Without continuity, there’s no alignment.
The latter buzzword is almost cliche at this point when discussing first-year head coach Tom Herman and the Texas Longhorns, but it does matter — the only assistants he didn’t bring with him from his first staff in Houston were his offensive coordinator and his running backs coach.
And his offensive coordinator, Major Applewhite, became the next head coach. Herman also knew his running backs coach, Stan Drayton, from his time at Ohio State. Not to mention the fact that Drayton is considered one of the best in the business.
So it was hardly a surprise on Monday when Herman defended his entire staff — and most especially, heavily-criticized offensive coordinator Tim Beck — by indicating that he expects all nine to return next season.
After all, that continuity has value in producing alignment and it’s something that the ‘Horns simply haven’t had in recent years.
As Herman pointed out, fifth-year senior B-back Naashon Hughes has seen 33 assistant coaches work at Texas since he enrolled in 2013. In every season, there has been a different offensive coordinator. Former head coach Charlie Strong change his offensive play caller and his defensive play caller in consecutive seasons.
In sharp contrast, Mack Brown’s coaching staff was remarkably stable during his incredible run — by Herman’s count, there were only 15 coaches over a stretch of 12 years.
“I think continuity and consistency with your staff is really, really important in college football,” Herman said. “It is one of the most underrated reasons for success in my opinion, and it's why now as a head coach -- now I see why all the other head coaches that I worked for were always so protective of their assistant coaches and didn't want them to leave because they understood the value in continuity.”
The other area that Herman wanted to emphasize is that Beck is the play caller as the offensive coordinator, but he’s not solely responsible for the plays that go down to the field. Wide receivers coach Drew Mehringer is now providing another set of eyes in the coaches box, while the entire offensive staff provides feedback and makes personnel decisions.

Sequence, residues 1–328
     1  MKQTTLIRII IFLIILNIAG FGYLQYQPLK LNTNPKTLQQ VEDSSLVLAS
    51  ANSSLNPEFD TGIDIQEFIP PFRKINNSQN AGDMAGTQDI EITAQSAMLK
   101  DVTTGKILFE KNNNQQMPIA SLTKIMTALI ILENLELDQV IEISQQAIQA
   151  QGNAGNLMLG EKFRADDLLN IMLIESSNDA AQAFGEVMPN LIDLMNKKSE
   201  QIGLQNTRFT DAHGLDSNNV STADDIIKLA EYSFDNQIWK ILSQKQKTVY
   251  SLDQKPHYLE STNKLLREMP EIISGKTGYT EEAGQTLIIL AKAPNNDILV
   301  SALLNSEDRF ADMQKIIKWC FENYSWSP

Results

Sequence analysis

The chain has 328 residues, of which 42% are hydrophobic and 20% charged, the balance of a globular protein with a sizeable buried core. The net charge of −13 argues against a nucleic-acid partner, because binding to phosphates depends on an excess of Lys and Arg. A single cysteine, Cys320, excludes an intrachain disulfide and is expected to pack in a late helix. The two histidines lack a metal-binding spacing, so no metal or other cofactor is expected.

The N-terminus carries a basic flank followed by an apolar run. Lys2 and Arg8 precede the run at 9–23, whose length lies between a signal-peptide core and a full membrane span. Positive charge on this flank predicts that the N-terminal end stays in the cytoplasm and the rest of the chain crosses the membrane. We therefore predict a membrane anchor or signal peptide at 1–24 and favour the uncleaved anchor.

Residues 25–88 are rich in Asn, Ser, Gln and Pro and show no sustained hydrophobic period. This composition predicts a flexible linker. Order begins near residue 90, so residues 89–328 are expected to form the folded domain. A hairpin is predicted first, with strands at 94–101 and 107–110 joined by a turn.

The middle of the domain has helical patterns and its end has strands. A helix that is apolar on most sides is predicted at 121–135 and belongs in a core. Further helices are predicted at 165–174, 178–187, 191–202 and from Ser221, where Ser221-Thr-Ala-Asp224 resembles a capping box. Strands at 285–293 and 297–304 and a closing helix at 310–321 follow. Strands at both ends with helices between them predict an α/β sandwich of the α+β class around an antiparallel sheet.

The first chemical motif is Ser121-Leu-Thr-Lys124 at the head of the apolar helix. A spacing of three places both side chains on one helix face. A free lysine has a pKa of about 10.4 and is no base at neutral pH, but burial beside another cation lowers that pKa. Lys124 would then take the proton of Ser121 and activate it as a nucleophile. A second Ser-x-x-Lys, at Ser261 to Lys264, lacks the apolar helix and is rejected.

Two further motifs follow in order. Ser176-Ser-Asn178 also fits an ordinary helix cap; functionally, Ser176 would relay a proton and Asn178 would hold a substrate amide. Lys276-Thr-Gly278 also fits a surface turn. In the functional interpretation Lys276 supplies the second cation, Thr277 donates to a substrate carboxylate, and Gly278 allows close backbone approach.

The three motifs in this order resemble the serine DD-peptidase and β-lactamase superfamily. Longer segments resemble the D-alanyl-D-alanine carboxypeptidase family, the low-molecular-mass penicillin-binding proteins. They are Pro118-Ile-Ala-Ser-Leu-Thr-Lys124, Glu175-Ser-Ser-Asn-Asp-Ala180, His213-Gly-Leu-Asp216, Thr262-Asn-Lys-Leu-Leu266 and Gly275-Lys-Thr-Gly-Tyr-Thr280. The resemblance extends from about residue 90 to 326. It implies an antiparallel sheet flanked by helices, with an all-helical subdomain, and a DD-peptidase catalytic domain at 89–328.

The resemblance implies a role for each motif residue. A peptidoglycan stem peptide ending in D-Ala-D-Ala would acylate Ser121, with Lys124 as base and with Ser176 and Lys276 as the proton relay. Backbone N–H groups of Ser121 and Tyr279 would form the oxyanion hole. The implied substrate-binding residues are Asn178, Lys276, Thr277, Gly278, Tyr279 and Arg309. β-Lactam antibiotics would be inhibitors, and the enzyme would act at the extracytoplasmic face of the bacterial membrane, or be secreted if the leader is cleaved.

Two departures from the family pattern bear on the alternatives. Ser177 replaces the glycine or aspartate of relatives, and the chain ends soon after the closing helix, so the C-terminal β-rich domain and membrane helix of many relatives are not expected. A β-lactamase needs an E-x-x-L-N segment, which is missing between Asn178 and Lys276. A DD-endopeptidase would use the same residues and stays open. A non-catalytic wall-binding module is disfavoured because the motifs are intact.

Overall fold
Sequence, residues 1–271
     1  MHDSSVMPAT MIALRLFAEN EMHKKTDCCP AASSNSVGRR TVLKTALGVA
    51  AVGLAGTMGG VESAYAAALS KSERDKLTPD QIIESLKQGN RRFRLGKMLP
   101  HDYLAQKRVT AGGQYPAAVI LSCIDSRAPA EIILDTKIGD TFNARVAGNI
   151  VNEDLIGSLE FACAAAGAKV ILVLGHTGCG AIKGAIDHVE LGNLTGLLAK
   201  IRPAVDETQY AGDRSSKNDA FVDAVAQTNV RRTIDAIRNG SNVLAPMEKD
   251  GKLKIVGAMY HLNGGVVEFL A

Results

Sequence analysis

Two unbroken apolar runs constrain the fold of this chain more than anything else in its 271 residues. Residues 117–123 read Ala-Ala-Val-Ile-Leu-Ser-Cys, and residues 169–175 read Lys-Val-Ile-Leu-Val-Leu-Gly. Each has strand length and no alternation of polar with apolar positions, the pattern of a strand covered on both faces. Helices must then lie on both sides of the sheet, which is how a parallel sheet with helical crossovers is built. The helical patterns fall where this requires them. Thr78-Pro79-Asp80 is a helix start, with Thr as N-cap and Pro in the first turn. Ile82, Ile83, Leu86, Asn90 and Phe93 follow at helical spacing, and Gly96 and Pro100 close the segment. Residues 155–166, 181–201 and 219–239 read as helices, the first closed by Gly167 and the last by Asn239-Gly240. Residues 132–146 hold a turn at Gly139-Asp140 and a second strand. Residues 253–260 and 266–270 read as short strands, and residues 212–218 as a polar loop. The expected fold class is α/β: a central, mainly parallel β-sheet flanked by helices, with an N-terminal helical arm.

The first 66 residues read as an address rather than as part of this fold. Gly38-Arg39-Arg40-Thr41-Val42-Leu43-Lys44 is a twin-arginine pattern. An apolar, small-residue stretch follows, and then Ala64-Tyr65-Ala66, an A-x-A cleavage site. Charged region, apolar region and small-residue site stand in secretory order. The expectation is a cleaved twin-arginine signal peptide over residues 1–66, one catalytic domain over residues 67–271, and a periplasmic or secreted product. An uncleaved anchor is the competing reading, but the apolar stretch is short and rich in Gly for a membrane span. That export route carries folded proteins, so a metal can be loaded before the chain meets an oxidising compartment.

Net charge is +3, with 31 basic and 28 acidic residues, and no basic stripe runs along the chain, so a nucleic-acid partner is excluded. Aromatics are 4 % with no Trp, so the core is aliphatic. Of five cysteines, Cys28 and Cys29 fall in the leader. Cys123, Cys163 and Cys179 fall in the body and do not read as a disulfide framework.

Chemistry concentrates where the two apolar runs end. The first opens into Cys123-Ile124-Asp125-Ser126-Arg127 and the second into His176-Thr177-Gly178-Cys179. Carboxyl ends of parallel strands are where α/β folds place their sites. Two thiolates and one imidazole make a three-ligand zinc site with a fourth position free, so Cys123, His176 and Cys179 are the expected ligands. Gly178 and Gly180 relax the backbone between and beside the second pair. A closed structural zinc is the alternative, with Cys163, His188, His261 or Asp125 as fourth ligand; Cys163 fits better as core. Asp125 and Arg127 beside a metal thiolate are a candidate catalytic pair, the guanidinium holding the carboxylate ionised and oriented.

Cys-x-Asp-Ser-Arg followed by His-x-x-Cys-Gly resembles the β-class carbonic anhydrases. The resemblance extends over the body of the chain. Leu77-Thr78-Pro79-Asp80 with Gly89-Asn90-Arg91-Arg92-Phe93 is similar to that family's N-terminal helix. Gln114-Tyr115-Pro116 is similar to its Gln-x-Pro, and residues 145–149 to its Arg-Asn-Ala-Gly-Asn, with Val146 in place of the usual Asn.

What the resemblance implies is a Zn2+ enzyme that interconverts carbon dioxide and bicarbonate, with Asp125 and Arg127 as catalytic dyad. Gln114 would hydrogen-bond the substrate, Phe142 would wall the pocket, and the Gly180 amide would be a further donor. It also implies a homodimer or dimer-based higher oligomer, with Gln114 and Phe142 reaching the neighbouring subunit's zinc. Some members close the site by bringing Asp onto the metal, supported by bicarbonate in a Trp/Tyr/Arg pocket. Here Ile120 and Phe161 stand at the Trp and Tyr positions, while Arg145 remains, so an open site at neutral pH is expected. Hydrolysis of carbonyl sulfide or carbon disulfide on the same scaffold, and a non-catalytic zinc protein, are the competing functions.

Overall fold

There are a variety of interactions that occur when the defense is on the field between Herman, Beck, Mehringer, and the rest of the staff. Beck and Herman solicit input on what plays the staff likes, what adjustments are necessary, what plays can beat specific fronts or coverages. The offensive line coach provides insights on how the defensive line is attacking the line of scrimmage and suggest possible plays as a result. The position coaches make decisions about personnel.
Between games, the ultimate responsibility rests with Herman to evaluate and provide feedback to his coaches.
“It's my job as the head coach to coach the assistants and provide them feedback as to areas I think they need to improve, provide them with support and praise in areas that I think they are strong at and allow them to continue to enhance their strengths,” Herman said. “But that's my job as the head coach is to coach the assistants.”
Herman admitted that at some point a coach may become uncoachable, just like a player, but Texas is not approaching that point yet.
“I hired these guys knowing exactly what I was going to get, and we've all got to get better, especially on that side of the ball. But I have full confidence that we will,” Herman said.
Unfortunately, significant improvement, especially offensively, probably won’t come until 2018.